Sonia remembers drawing as always being a part of her life. When she was 6 years old, she spent endless hours copying the profile head of Marie Antoinette, hair pulled back with the curls at her neck, in one fell swoop.
Her first grade teacher, vivacious and blond, Mrs. Friedman, gave her her first recognition as an artist; she had her stand before class to show a painting of a little girl and a man alone in a boat on a pond. She was then asked to take that painting around to the other classes to exhibit.
She was fortunate that from an early age, her father would take her to museums in San Francisco, where she always gravitated to the Old Masters.
When she was 19, at a drive-in restaurant, the waitress, seeing her drawings in the back seat of the car, exclaimed “you’re the little girl from my first grade class who drew so well!”
Although she was drawn to art, and had shown some talent, it was not the time for this young woman to become an artist. Fortunately, her assignments with the State Department Foreign Service in both Europe and South America enabled her to explore the greatest paintings in some of the best museums. To study the Old Masters, Caravaggio, Titian, Ingres, Clouet, Chardin, etc., their mastery of color, composition, and light is to peek through time and space into an age long gone, but beautifully represented in their enduring masterpieces.
After 30 years dedicated to family and the business world and a move to New England, this allowed her to focus on the passion of her life, although there was still a detour as she focused on pottery and successfully sold multi-media greeting cards for a time.
In a serendipitous turn of events, she happened upon an Old Masters' Classical Painting class taught by well-known artist, Pulido, where she was able to learn the challenging and demanding techniques required of classical realism and immerse herself into her long held dream.
Sonia works with traditional oils on woven Belgian linen canvas and employs the old and traditional grisaille (meaning grey) method. This is an underpainting technique that uses a full range of paint values from white to black to create light and form, and builds upon that with opaque paint and thin glazes to produce a painting in the luminous classical realist style of the Old Masters.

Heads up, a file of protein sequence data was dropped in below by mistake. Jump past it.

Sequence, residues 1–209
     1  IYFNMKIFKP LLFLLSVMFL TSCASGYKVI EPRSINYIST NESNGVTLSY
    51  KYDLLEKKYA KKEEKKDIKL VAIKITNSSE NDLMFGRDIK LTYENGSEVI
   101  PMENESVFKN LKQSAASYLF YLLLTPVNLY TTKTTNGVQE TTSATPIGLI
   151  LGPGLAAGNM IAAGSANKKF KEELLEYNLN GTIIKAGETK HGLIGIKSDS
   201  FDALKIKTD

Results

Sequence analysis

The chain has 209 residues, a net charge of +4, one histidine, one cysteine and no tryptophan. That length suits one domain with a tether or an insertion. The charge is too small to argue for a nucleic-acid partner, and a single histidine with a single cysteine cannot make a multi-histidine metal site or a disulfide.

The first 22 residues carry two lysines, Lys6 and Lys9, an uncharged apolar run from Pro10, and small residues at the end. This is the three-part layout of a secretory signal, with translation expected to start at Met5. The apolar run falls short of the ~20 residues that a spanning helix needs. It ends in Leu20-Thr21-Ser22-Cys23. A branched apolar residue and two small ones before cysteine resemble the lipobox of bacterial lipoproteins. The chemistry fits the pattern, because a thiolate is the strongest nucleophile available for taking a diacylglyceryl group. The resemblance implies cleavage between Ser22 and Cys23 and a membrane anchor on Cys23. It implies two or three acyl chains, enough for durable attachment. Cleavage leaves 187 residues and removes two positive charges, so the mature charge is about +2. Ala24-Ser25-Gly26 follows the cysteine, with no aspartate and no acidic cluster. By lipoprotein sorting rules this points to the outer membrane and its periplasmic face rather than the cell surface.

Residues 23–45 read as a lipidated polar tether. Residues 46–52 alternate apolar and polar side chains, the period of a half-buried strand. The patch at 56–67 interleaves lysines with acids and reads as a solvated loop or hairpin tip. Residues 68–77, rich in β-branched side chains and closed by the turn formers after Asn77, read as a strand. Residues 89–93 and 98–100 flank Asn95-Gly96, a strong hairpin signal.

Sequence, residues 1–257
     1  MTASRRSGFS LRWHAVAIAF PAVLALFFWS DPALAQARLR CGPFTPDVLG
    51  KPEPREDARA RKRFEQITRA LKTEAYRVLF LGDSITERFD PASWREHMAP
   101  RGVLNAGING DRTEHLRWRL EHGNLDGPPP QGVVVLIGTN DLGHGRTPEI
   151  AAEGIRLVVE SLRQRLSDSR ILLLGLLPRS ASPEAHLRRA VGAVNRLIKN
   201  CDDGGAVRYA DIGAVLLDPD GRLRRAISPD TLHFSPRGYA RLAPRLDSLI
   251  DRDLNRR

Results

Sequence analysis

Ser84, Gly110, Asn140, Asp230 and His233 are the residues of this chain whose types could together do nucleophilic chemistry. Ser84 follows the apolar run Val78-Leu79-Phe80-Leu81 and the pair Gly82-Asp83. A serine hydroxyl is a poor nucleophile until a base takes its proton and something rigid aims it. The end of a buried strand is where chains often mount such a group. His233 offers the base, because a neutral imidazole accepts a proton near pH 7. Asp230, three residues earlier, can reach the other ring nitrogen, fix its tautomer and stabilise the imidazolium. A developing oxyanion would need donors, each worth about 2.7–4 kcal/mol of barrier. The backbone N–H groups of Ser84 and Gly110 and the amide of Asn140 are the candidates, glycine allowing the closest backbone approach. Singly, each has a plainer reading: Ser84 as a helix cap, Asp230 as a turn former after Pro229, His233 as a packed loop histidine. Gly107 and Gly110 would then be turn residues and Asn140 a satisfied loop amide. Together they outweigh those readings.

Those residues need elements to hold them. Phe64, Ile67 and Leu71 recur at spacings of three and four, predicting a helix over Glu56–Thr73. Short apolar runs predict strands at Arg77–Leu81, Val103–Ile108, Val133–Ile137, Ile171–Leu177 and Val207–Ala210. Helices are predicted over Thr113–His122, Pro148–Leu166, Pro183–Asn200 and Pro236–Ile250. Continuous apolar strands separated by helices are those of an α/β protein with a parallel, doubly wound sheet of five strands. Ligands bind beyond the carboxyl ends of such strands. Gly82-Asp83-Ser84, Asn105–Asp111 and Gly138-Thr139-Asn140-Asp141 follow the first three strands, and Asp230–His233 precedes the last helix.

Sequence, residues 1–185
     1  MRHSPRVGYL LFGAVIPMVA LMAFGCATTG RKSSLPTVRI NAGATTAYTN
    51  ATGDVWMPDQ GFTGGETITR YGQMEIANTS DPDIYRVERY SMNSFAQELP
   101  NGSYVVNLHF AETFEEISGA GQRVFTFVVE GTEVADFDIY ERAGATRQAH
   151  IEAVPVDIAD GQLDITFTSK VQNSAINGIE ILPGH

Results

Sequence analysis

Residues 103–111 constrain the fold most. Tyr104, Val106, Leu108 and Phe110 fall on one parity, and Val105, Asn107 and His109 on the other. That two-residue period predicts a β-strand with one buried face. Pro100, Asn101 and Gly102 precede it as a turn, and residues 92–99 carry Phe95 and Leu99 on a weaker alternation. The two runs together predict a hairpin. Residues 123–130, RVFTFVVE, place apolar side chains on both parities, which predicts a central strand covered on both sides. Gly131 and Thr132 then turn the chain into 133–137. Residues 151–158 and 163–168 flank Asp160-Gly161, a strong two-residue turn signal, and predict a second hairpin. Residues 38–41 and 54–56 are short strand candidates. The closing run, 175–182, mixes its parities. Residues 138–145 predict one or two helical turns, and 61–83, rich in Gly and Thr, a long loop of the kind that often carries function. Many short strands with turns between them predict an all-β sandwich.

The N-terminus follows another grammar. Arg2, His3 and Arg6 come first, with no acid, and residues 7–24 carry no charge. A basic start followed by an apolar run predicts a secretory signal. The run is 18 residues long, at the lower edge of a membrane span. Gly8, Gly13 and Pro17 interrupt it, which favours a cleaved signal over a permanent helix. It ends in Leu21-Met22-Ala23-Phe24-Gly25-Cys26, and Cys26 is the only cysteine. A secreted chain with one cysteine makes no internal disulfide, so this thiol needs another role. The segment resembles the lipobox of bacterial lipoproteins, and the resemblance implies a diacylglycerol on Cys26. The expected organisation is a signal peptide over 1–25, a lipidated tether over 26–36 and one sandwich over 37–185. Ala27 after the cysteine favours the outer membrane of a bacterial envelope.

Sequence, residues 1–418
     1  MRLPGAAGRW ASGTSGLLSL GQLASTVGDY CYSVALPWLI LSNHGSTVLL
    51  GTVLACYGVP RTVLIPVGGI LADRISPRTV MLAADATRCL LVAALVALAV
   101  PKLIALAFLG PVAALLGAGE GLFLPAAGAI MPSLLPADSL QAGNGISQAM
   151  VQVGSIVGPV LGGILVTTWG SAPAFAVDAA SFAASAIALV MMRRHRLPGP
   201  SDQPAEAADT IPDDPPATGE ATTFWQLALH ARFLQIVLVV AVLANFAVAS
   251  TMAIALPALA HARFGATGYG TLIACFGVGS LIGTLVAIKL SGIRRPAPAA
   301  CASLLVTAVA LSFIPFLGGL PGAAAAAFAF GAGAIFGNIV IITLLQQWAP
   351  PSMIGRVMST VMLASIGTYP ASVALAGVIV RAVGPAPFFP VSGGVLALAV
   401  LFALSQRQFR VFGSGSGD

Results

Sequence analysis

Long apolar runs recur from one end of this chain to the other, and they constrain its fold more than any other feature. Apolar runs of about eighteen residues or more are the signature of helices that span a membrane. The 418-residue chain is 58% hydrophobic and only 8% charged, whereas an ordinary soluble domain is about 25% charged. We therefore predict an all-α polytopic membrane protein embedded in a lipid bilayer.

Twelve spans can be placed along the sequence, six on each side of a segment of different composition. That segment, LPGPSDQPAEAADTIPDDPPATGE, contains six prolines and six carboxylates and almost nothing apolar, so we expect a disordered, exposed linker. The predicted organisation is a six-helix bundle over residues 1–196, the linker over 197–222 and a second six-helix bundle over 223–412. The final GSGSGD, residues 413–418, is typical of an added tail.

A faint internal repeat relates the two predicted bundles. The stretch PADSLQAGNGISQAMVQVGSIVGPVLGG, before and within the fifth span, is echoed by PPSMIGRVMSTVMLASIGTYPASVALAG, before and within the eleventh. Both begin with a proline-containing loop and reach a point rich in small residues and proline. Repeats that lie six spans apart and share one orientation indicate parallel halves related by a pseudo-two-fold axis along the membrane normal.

Her focus is still life and portraits. Her work has been included in juried shows, galleries and in private collections throughout the United States.
Sonia works in oils on hand woven Belgian linen using only the finest materials. She employs the grisaille method (grey underpainting) which is a traditional approach and reveals the basis of the Old Masters' painting process through a clear division of labor: the underpainting and the overpainting. The image is developed through successive layers of paint as opposed to the a' la prima approach (which literally translates from Italian as first approach and refers to applying wet paint on layers of wet paint).
Sonia applies the underpainting first and it is fully developed with the building of thick paint before introducing thin glazes to produce paintings reminiscent of the luminous classical realist style of the Old Masters.
Through the ages, painters have tried to visualize the soul and character of their human subjects in portraits. A good artist is capable of adding so much more to a portrait, something that goes beyond the straightforward representation of a photograph, for example.
The same holds true for still lifes.
A good painting is not just a depiction of inanimate objects but tries to convey a more subtle message.
There has been no interruption in the popularity of classical paintings and to this day the genre has never lost its attraction.
Sonia currently works and lives in Austin, TX.